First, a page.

As Gov. John Kasich prepares to leave office, new reports show Medicaid expansion accomplishments
COLUMBUS, Ohio – Medicaid expansion has made it possible for people to continue working despite their ailments and has given unemployed recipients health care so they can look for jobs, according to new state reports released Tuesday.
The reports highlighted the successes of expanding Medicaid to some 700,000 low-income Ohioans under the Affordable Care Act. Ohio was one of the first states to expand Medicaid, under Gov. John Kasich, in 2014.
Kasich attended the news conference where the reports were explained, and chatted with some of the Ohioans who say their lives have improved thanks to Medicaid. This is the last year the Republican will lead Ohio, due to term limits, and he said Medicaid expansion is one of the policies he’s most proud of.
The main report was conducted by the Ohio Colleges of Medicine, Ohio State University, Ohio University, and RTI International. The second report was a financial analysis by the Ohio Office of Budget and Management.
“It’s not just the people at the top who ought to benefit in any society, it ought to be people throughout society,” Kasich said. “And that doesn’t mean you play Robin Hood and take from the rich and give to the poor. But it means you give everybody an opportunity to be able to do well.”
Medicaid and health care are among the top-searched topics in each Ohio county, according to Google Analytics information shared with cleveland.com as part of a new partnership between the companies.
Medicaid expansion is also popular, with Google data showing keen interest in the state’s largest metro areas – Cleveland, Columbus and Cincinnati.
‘Every single neighborhood’
The number of people who receive Medicaid expansion is constantly in flux, as people enter and leave the program. But since 2014, about 1.2 million Ohioans have accessed health care as a result of expansion, said Ohio Department of Medicaid Director Barbara Sears.
“Medicaid is in every single county, every single community, every single neighborhood,” she said. “You don’t know that your neighbor may just be on Medicaid through expansion or through another part of our program.”
A number of Northeast Ohio adults, ages 19 to 64, have enrolled in expansion from 2014 to 2017:
22.3 percent of Cuyahoga County adults17.5 percent in Lorain County9.9 percent in Medina County19.3 percent in Summit County12.9 percent in Portage County7.4 percent in Geauga County12.2 percent in Lake County
Medicaid expansion cut the rate of Ohio’s uninsured by half, the research found. Eighty-nine percent of people who received Medicaid through expansion in 2015 had no insurance before their enrollment.
A survey conducted for the Department of Medicaid found 60 percent of unemployed enrollees said having health care made it easier to look for work, and 83.4 percent of employed enrollees reported that the health care made it easier to continue working.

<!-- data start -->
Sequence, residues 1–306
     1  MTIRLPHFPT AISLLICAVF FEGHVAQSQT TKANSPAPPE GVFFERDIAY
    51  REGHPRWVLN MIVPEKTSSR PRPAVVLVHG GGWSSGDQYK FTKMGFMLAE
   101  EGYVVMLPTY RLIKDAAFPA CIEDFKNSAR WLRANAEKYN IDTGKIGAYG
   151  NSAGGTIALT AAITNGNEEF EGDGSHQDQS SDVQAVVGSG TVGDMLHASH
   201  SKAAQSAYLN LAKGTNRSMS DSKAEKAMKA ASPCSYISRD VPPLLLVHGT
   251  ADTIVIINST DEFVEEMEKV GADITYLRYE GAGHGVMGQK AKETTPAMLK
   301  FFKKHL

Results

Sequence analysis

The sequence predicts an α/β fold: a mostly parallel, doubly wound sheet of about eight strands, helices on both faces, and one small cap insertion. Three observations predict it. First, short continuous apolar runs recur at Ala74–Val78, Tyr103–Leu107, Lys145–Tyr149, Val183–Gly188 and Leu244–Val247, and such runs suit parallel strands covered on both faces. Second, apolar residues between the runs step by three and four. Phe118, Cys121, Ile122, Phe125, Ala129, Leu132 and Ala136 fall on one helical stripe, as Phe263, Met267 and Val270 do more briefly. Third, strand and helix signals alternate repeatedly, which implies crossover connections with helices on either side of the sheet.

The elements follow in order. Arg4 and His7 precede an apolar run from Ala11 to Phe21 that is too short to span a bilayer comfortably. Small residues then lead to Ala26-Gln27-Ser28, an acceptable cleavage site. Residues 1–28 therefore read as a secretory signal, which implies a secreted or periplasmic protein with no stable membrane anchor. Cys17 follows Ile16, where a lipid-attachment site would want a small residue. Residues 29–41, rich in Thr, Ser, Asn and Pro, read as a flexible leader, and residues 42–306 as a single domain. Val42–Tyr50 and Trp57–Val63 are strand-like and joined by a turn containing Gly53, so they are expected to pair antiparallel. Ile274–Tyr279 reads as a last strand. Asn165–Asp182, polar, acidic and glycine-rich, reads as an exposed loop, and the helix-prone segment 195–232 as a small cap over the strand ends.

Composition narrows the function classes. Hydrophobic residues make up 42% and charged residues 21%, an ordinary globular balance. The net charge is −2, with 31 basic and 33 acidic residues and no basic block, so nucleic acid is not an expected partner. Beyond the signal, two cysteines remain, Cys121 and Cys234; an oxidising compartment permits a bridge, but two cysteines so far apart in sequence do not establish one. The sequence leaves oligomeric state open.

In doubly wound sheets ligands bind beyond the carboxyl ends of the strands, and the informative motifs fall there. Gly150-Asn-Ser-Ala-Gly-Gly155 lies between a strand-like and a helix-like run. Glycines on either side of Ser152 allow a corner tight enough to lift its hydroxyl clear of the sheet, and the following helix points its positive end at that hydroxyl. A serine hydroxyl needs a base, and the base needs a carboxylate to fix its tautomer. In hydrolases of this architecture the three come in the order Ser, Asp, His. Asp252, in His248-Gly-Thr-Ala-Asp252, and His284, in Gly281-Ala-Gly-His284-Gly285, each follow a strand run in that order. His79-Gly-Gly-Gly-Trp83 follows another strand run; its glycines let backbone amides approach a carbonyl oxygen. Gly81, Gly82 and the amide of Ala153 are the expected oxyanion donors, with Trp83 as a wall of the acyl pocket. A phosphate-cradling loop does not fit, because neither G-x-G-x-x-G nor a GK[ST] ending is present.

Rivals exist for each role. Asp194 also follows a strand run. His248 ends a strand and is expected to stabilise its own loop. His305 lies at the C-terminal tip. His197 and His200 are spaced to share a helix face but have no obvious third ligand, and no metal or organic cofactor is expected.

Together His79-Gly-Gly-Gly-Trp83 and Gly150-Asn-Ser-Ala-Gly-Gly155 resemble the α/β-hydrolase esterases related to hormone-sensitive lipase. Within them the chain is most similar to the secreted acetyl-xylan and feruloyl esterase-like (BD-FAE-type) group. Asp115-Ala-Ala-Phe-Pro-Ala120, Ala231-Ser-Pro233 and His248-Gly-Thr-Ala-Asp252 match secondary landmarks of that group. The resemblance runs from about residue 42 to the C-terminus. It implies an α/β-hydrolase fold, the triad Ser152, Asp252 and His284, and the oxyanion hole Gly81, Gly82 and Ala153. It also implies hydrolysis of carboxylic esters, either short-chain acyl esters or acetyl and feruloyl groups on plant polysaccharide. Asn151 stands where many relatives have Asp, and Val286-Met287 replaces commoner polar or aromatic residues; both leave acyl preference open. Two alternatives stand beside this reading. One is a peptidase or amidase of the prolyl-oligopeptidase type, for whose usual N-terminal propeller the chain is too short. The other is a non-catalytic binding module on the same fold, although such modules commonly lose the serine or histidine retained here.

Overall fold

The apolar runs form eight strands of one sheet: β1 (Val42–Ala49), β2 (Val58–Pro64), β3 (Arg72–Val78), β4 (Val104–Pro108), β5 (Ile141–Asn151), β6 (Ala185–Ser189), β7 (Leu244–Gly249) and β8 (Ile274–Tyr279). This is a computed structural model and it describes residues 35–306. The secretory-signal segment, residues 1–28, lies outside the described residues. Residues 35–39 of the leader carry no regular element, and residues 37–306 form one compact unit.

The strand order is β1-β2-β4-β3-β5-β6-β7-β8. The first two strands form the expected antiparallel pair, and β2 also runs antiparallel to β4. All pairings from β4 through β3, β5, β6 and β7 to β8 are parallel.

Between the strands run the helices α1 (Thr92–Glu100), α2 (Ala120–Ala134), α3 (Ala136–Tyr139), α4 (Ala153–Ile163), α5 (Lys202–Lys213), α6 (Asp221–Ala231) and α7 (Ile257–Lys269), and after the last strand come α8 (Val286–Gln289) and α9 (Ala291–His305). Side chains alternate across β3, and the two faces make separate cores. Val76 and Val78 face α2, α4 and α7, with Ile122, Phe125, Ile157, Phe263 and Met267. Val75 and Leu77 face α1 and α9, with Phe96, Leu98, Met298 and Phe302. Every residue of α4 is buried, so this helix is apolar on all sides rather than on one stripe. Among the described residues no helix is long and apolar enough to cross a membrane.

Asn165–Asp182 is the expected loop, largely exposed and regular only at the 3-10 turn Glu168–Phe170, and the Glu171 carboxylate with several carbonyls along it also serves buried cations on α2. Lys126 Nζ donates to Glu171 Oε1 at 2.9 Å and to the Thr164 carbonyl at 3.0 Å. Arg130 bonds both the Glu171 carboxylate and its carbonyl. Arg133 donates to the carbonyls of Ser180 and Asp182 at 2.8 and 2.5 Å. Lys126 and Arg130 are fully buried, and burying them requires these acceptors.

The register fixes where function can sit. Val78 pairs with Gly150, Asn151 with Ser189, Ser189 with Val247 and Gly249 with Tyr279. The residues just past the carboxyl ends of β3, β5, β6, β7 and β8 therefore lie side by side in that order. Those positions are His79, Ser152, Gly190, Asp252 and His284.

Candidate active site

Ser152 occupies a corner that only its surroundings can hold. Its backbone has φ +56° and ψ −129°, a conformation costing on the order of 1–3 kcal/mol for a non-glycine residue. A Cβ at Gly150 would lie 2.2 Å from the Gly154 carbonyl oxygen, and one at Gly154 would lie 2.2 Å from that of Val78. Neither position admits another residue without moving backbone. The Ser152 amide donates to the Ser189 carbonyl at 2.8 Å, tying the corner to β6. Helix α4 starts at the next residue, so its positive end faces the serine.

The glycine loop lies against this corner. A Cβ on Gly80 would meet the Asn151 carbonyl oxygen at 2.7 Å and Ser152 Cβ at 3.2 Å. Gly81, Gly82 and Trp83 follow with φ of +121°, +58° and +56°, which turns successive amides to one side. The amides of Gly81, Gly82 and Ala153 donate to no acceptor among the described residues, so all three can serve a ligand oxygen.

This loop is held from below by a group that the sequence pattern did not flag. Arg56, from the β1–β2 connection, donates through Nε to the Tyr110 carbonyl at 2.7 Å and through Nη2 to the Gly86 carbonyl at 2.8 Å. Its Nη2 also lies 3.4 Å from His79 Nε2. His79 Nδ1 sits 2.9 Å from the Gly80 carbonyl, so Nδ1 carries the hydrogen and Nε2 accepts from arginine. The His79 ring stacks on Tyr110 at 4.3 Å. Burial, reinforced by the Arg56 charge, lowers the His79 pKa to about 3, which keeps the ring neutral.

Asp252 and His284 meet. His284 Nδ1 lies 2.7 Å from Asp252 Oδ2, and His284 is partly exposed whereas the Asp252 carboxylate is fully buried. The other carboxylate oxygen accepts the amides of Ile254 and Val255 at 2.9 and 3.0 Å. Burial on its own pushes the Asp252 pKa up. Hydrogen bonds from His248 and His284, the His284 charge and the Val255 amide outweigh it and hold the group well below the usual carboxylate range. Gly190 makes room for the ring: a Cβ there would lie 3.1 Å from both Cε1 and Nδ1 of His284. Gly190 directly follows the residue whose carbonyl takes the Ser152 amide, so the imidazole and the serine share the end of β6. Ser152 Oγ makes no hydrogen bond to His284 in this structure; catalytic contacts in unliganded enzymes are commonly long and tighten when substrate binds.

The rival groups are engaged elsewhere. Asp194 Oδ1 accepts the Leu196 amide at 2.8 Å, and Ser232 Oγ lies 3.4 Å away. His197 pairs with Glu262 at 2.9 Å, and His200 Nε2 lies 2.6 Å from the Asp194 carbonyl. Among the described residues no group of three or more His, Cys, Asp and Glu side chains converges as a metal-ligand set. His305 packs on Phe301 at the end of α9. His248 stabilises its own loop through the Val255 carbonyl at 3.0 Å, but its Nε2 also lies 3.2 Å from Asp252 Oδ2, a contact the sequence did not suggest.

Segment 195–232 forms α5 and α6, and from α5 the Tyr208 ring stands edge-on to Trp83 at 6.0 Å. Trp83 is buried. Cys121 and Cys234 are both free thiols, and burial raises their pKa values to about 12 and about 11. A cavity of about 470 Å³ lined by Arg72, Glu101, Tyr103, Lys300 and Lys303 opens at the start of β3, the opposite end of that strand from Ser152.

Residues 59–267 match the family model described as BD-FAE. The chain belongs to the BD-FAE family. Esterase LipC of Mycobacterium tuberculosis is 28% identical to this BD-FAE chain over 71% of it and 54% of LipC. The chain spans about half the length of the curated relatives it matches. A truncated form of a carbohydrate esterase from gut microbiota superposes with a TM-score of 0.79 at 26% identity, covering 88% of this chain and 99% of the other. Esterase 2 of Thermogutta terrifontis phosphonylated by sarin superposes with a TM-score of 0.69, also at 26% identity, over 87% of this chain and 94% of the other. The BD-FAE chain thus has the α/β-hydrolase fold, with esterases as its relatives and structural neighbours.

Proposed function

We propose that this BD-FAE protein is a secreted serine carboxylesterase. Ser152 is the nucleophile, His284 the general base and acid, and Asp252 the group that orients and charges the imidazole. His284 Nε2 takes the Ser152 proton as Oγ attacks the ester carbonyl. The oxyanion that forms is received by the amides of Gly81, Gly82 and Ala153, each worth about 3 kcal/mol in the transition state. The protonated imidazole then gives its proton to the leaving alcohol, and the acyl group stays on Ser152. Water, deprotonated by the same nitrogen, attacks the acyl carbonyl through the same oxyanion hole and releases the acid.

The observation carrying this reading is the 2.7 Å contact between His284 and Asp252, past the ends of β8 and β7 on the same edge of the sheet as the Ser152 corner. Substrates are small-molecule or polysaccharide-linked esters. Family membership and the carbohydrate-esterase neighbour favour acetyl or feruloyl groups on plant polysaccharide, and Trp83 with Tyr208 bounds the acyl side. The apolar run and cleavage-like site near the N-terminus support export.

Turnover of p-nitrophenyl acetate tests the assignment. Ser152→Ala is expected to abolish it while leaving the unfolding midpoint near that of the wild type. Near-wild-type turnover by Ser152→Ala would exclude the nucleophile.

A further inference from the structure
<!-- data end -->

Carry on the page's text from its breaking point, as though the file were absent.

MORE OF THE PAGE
Lydia Gunderson of Columbus said Medicaid expansion has meant she is able to go to a doctor when sick, instead of waiting for the illness to force her to the emergency room. She works, but her company is small and does not offer insurance, she said.
“What would you think, if all of a sudden we told you tomorrow, ‘You don’t get this any more?’” Kasich asked her. “How would you react?”
“Well, I would cry,” she said.
Without Medicaid expansion, she’d be trying to pay for her health care on her own, she said.
“I wouldn’t be able to have electricity, or be able to put food on the table,” she said.
Tim Keen, Kasich’s budget director, said that Medicaid expansion actually saves the state money. Medicaid is jointly funded by the state and federal government.
For instance, Medicaid expansion picks up the cost of inmates’ health care when they have to leave prison for hospitalization. Ohio gets drug rebates from pharmaceutical companies for the prescriptions Medicaid expansion recipients fill. These “offets” save Ohio $354.1 million a year, dramatically reducing Ohio’s share of Medicaid expansion.
“It’s my opinion that Medicaid expansion is manageable and affordable now and into the future,” Keen said.
That’s assuming Washington, the Ohio General Assembly and the state’s next governor don’t dismantle the program.
Democratic gubernatorial nominee Richard Cordray said he will keep expansion intact. Republican Mike DeWine said he will make some changes but not discard the program.
Kasich had withheld his endorsement of DeWine until he felt confident he would keep expansion.
“I give him credit for being willing to really study it, and he’s now said he’s for it and this isn’t an issue that needs to be considered,” Kasich said.
“I worry a little about somebody kind of nickeling and diming it away, somehow,” Kasich added. “You know, a little bit here, a little bit there. But I think they’ll be for it. And frankly, in the end, with the help of these people (who work for the Department of Medicaid) the legislature (has) never taken it away. We’ve always had to fight for it.”